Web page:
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Diary: Natasha won't talk about sexism

To Quaglino's, for the Costa Book of the Year awards, where compere and noted feminist Andrew Neil – doubtless mindful of the Sky Sports sexism row – topically declared the 21st Century "The Female Century": prize-winner Jo Shapcott and three of the five authors on the shortlist, as well as a majority of the judges, were women. With this in mind, I quizzed some prominent female attendees on the state of gender relations in the media. Delightful wee Scot Lorraine Kelly assured me she'd never been subject to sexism, but revealed that when she was a rookie reporter, "None of the men took me seriously. They all thought, 'She's just a girl'. So I managed to get some great stories that they didn't catch." Celebrity dancer Natasha Kaplinsky, right, a member of the judging panel, seemed somewhat flustered to be asked about sexism on television, and turned to her chum Andrea Catherwood for assistance. "We work hard so we hope to be judged on our own merits," Catherwood told me touchily. All right, love. Keep your hair on.

* As regular readers of this column will be aware, shadow Chancellor Ed Balls is the subject of my notional joint biopic of himself and Chancellor George (né Gideon) Osborne – provisional title: A Cock and Balls – a dramatisation of their shared battle to overcome speech impediments (Balls a stammer, Osborne a squeak) and rise to the top of their respective parties. Balls was picked for his current post with the promise that he'd be more numerically adept than his predecessor, Alan Johnson. Unfortunately, some of his colleagues are already questioning his maths. As one unsympathetic Labour MP points out, Balls declared upon his appointment that he'd "been involved with the economy for pretty much 25 years now", a troublingly imprecise estimate for an economics expert. Technically speaking, Balls has been "involved with the economy" since 1967, when he was born. But he wasn't an economic adviser to Gordon Brown until 1994. In 1986, otherwise known as 25 years ago, he was still at Oxford. "It could simply be a counting error on his part," says my cowardly anonymous source. "Either that or he's talking out of his arse."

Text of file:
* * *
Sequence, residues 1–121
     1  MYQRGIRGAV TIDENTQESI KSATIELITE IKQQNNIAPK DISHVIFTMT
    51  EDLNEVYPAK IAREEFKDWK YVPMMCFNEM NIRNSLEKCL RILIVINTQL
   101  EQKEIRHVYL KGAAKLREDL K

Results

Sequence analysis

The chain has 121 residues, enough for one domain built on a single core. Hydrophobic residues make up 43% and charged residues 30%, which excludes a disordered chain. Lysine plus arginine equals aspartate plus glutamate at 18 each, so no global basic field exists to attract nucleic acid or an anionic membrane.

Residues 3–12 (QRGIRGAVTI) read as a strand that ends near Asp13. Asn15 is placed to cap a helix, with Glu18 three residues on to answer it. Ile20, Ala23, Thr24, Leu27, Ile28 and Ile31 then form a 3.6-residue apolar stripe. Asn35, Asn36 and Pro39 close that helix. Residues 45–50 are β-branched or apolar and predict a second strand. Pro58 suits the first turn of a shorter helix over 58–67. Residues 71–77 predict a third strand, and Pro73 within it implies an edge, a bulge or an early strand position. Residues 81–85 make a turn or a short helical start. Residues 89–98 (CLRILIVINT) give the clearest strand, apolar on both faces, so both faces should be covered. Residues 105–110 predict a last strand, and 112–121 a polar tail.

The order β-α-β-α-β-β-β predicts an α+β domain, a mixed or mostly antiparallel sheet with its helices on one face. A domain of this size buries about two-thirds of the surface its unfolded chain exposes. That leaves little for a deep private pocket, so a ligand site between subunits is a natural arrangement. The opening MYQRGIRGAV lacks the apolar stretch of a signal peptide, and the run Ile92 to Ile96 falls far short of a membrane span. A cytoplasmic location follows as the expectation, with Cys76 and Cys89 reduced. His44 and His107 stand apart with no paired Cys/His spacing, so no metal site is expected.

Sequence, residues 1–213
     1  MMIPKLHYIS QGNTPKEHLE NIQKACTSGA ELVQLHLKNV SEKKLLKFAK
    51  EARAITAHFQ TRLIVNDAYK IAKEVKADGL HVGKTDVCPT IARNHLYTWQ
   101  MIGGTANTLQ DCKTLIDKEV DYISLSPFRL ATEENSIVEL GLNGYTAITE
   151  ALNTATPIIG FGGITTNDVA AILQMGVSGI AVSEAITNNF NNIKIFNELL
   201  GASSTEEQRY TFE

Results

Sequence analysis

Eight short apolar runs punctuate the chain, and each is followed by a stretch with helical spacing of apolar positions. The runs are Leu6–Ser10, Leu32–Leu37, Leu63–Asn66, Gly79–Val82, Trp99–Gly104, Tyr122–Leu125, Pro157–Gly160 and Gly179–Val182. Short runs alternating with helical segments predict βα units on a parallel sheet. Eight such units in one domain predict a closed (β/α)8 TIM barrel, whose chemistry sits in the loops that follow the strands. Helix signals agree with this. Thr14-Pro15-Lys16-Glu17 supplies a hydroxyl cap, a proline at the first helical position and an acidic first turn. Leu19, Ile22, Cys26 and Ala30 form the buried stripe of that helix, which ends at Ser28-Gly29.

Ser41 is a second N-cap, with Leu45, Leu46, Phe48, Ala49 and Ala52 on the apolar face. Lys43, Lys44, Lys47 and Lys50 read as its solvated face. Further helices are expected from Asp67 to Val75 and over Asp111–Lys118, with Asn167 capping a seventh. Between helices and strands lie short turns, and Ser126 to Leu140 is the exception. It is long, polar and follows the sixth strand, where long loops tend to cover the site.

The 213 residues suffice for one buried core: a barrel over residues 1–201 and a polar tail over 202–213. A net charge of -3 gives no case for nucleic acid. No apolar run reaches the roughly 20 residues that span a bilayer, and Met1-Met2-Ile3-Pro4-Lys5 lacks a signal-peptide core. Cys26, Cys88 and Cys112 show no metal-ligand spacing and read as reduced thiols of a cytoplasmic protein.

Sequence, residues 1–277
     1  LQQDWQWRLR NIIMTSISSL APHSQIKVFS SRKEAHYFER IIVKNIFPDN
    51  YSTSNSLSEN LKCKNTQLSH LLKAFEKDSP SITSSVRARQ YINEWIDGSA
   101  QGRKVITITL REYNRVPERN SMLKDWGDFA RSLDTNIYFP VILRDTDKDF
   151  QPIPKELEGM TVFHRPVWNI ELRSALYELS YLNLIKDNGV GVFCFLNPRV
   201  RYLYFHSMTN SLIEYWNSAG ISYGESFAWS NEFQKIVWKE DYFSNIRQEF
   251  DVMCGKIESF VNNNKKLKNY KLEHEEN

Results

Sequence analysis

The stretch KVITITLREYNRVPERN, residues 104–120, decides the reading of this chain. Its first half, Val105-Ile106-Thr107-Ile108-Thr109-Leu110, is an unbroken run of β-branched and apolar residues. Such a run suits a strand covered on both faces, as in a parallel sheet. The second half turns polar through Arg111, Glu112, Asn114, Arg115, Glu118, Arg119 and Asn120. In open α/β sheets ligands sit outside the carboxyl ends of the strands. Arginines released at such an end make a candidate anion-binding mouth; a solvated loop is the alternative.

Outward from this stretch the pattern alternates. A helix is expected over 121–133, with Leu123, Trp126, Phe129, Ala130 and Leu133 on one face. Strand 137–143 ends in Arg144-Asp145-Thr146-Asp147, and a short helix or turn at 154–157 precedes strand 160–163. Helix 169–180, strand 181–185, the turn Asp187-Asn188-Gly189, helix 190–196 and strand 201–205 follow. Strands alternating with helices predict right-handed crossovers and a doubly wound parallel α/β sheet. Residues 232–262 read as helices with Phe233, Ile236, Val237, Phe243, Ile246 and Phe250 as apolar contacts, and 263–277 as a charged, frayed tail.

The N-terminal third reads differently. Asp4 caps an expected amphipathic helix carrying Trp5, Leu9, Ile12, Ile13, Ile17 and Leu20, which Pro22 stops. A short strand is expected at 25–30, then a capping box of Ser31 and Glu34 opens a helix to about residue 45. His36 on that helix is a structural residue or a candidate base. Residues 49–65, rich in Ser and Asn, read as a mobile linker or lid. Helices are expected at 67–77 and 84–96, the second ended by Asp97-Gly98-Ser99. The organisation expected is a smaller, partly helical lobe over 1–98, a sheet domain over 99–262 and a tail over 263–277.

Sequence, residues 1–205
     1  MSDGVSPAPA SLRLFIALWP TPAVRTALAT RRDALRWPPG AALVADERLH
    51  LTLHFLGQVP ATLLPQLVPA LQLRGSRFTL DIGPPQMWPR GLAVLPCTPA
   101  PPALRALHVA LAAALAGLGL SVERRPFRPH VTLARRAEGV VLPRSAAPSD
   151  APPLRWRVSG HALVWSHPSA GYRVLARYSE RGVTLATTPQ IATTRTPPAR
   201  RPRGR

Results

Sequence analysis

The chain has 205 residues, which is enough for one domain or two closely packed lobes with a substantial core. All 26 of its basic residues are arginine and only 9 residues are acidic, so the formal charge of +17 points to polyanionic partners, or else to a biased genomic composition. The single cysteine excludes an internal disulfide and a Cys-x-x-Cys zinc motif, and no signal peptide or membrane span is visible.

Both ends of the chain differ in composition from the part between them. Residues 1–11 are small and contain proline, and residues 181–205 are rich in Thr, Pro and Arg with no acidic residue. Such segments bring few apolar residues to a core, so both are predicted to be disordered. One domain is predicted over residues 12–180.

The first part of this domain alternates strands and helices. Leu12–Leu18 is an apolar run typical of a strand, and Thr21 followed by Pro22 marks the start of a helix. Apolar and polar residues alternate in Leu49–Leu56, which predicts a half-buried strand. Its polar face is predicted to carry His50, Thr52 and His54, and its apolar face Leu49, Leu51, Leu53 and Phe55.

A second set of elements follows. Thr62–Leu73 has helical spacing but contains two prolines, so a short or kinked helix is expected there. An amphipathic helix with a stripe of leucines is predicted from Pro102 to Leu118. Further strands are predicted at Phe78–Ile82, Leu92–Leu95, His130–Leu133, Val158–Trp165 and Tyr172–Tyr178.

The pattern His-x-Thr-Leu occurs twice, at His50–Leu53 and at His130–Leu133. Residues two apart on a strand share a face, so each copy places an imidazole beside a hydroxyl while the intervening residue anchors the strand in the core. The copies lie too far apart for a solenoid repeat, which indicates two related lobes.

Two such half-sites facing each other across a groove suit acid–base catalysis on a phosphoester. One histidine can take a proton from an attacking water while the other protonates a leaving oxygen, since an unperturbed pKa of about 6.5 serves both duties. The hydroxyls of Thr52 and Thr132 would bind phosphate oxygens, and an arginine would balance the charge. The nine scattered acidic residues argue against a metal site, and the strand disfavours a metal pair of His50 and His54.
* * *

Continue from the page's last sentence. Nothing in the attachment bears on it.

* What would Malcolm Tucker make of the demise of Andy Coulson, his fellow No 10 comms supremo? "I'd like to hack [Coulson's] voicemail and find out what's going on in his life," says Peter Capaldi, aka Tucker, one of the star Scots at CLIC Sargent's Burns Night party at St Martins Lane Hotel. "I can't believe he didn't know what was going on. I'm an actor, what do I know? But I don't like the idea that we're ruled by people who think it's all right to hack into private calls. I'm glad the actors are retaliating." Capaldi told me he'd finally visited the real Downing St press office while filming In The Loop. "They all wanted their photo taken with me," he recalls. "It was like a Star Trek convention, and I was Mr Spock."

* It's to Malcolm Tucker that Sky employees compare Andy Melvin, the producer who presides over the (alleged) culture of (alleged) sexism in Sky Sports' formidable football dept. In an unbylined piece for the New Statesman, an insider writes of Andy Gray and Richard Keys having "upset as many people as they've watched football games." Their boss Melvin, meanwhile, "doesn't care what people think of him. As I once heard him say, 'I'm not here to win a fucking popularity contest'." Tellingly, in 2009, when the job of Sky Sports MD became vacant, the "brilliant" but "abrasive" Melvin was passed over in favour of friendly Barney Francis.

* Might said article's anonymous author have anything to do with the clips of Keys and Gray's lewd antics, first leaked to journalist James MacIntyre (lately of the New Statesman) by a mysterious YouTube user? Said user, "stevesimons409", has since deleted his YouTube account, presumably fearing Sky's ongoing internal investigation.

* Keys finally apologised (profusely, implausibly and at length) for his shabby behaviour on Talksport yesterday. The key fact to emerge from the interview was that Karren Brady – whom Keys insists he tried to call to apologise – has no answerphone. Well, voicemail can be a dangerous thing. She's whip-smart, that Brady – though I'm yet to hear her explain the offside rule to my satisfaction.